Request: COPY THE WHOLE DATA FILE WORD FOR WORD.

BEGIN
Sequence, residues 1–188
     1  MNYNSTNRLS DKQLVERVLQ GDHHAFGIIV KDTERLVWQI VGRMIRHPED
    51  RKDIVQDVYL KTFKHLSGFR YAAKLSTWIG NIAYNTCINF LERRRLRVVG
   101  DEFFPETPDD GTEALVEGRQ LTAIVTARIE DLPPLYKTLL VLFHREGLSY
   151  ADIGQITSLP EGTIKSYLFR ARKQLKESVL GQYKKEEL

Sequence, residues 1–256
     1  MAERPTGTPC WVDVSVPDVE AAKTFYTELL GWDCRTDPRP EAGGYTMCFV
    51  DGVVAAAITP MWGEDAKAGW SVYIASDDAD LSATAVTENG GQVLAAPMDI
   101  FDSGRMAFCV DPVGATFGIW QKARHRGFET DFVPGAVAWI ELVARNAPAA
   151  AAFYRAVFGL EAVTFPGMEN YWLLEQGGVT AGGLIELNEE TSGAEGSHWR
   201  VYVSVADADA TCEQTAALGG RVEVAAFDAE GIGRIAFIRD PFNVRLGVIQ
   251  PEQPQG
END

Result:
Sequence, residues 1–188
     1  MNYNSTNRLS DKQLVERVLQ GDHHAFGIIV KDTERLVWQI VGRMIRHPED
    51  RKDIVQDVYL KTFKHLSGFR YAAKLSTWIG NIAYNTCINF LERRRLRVVG
   101  DEFFPETPDD GTEALVEGRQ LTAIVTARIE DLPPLYKTLL VLFHREGLSY
   151  ADIGQITSLP EGTIKSYLFR ARKQLKESVL GQYKKEEL

Sequence, residues 1–256
     1  MAERPTGTPC WVDVSVPDVE AAKTFYTELL GWDCRTDPRP EAGGYTMCFV
    51  DGVVAAAITP MWGEDAKAGW SVYIASDDAD LSATAVTENG GQVLAAPMDI
   101  FDSGRMAFCV DPVGATFGIW QKARHRGFET DFVPGAVAWI ELVARNAPAA
   151  AAFYRAVFGL EAVTFPGMEN YWLLEQGGVT AGGLIELNEE TSGAEGSHWR
   201  VYVSVADADA TCEQTAALGG RVEVAAFDAE GIGRIAFIRD PFNVRLGVIQ
   251  PEQPQG